Spanish Gold - South of Nowhere
Released May 27, 2014
By Charlie Dims
One thing Spanish Gold understands well is the concept of surprise. Based on their name, you might think that they make songs with a Western feel. Or, looking at the cover image for their debut album, with the three members looking straight at the camera while covered in a dark yellow and black design, it might seem that they are a rock band with tough, testosterone-fueled songs about the darkness of everything. Or, seeing how the name of their new album is South of Nowhere, it could seem likely that their work is going to be messy and without a stable voice to carry the album through. It's not that Spanish Gold doesn't deliver on these assumptions. Rather, they transcend them.
Spanish Gold is not really a rock or western band, but they aren't bad a bad imitation of those genres, either. Their sound is more like what you would expect if the 2012 version of Bob Dylan had a smoother voice met with a Bob Marley-inspired reggae group in the middle of a western movie and decided to make an album together while a modern-day rock-and-blues group played quietly through the speakerphones. If that sounds chaotic, it shouldn't. Certainly, there is a lot going on, but all of this adds to a complete sound that sets Spanish Gold apart from other bands.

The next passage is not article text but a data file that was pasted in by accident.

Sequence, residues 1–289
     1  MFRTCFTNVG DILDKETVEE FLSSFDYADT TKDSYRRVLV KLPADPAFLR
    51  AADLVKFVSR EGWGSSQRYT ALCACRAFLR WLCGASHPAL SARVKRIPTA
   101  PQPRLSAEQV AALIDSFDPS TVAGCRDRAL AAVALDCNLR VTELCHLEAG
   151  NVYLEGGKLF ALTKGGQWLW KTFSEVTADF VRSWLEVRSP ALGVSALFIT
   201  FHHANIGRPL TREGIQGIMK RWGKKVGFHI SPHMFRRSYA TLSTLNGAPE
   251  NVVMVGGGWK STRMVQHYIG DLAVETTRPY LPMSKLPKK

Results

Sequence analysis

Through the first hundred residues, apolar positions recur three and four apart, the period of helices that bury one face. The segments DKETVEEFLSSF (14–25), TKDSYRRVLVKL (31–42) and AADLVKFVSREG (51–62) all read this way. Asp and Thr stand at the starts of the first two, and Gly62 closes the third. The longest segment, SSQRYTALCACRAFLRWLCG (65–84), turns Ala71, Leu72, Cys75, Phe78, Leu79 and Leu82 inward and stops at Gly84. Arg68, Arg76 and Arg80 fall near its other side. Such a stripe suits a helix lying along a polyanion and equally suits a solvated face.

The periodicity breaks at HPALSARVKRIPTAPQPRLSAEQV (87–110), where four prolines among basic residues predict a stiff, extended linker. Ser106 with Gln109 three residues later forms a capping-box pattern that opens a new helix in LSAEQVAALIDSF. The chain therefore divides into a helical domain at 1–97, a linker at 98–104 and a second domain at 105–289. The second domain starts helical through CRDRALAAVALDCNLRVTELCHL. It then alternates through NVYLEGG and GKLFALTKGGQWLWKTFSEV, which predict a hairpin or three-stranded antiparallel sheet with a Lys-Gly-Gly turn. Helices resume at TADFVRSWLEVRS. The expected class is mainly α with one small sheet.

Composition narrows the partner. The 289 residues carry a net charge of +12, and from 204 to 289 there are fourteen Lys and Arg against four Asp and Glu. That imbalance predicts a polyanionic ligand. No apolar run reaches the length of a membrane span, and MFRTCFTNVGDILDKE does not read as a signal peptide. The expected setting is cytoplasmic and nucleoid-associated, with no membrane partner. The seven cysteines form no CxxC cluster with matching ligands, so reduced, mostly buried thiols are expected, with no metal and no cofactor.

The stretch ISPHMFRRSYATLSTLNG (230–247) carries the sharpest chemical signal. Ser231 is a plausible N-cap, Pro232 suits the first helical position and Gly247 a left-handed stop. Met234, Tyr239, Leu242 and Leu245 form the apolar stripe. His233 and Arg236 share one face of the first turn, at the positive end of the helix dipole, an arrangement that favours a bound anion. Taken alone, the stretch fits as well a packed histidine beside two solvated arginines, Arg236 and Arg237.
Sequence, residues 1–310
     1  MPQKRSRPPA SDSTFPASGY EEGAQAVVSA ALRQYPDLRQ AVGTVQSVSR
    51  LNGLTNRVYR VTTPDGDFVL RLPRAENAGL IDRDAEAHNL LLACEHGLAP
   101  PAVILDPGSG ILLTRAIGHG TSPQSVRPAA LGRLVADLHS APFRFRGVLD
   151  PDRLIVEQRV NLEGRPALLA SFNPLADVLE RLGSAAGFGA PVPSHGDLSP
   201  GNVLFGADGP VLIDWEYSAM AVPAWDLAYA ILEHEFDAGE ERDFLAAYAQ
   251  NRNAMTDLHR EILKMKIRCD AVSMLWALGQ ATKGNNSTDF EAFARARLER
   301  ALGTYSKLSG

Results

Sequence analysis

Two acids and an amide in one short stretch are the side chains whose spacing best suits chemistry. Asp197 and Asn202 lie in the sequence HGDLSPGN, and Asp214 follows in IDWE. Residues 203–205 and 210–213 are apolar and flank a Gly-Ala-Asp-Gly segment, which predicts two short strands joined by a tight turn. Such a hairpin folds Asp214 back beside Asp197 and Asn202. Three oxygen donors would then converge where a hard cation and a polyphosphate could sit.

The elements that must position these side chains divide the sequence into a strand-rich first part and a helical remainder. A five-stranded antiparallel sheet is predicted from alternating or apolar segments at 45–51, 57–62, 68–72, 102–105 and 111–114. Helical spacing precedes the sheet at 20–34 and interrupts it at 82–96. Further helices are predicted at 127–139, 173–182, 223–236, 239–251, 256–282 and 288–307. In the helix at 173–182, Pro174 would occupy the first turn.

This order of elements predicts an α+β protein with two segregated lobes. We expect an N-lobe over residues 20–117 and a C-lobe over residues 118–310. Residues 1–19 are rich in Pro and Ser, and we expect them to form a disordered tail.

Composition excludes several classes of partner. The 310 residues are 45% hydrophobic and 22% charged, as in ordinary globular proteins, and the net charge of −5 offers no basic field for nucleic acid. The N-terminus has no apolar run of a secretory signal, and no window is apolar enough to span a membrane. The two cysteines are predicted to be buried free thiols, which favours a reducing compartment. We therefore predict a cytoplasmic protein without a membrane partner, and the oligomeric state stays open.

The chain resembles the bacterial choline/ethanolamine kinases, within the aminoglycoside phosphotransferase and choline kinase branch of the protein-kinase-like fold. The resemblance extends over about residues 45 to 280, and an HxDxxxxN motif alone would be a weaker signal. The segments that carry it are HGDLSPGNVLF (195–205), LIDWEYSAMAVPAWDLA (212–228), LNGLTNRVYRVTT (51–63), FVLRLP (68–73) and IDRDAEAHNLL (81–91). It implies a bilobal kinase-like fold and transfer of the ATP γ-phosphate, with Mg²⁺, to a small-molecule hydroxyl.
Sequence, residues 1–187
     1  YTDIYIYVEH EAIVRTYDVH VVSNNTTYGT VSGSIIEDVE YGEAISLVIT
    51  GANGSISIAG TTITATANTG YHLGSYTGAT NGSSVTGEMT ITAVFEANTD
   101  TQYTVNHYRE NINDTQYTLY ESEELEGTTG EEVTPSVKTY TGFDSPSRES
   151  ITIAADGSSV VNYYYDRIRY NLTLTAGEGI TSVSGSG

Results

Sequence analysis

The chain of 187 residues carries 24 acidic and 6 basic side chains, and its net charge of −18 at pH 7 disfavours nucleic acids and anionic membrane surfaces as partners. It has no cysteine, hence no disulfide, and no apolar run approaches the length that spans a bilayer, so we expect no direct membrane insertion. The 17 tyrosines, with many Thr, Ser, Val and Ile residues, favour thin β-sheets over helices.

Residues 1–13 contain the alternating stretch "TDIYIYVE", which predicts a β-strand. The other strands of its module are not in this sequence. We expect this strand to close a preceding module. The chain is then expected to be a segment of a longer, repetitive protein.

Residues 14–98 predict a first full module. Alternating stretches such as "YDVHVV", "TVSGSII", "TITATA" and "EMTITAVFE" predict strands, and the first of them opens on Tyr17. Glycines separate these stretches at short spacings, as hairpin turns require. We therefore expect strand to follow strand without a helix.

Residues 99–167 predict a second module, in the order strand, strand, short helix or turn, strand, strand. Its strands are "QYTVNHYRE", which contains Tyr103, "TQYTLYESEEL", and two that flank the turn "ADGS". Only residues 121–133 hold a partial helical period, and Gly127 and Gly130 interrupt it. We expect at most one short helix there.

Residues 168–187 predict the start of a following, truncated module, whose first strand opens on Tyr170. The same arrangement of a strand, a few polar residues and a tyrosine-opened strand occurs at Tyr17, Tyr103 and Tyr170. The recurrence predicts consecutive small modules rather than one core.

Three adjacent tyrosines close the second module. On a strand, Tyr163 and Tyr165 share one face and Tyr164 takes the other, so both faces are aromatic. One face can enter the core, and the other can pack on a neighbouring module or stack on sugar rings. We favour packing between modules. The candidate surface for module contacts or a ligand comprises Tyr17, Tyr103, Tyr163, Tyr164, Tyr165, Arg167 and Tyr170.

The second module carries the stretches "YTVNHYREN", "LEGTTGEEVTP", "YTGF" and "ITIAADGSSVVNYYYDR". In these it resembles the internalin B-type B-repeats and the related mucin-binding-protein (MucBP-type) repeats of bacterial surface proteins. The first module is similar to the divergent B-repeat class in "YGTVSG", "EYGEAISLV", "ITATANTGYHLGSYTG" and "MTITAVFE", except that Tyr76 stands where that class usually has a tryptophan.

With both the opening One Track Mind and South of Nowhere, the fusion between the keyboards, the electric guitar, and the vocals creates songs perfect for riding a motorcycle down a midnight-encrusted town. Out on the Street slows down the pace of the album a bit, but adds new layers of well-appreciated deep atmosphere, which carries over to the next song Movin On, which, you guess, is about the need to move on and explore new ground, even if it means leaving others behind.
Just when it seems like you've got the album figured out, Shangri La adds an unexpected mix of reggae soul to the mix. The falsetto vocals, along with the soft influence of Jamaican beats, helps the song soar. "Shangri La, you've got the best of me," Dante Schwebel sweetly sings in this unexpected love song.
But just before things get too human, the final track Stay With Me begins with electronically-altered vocals before moving towards a more western-acoustic touch. It just goes to show that Spanish Gold cannot be held in a single set of preconceived ideas. Their debut may be called South of Nowhere, but it seems all too likely that their sound will carry them very far very quickly.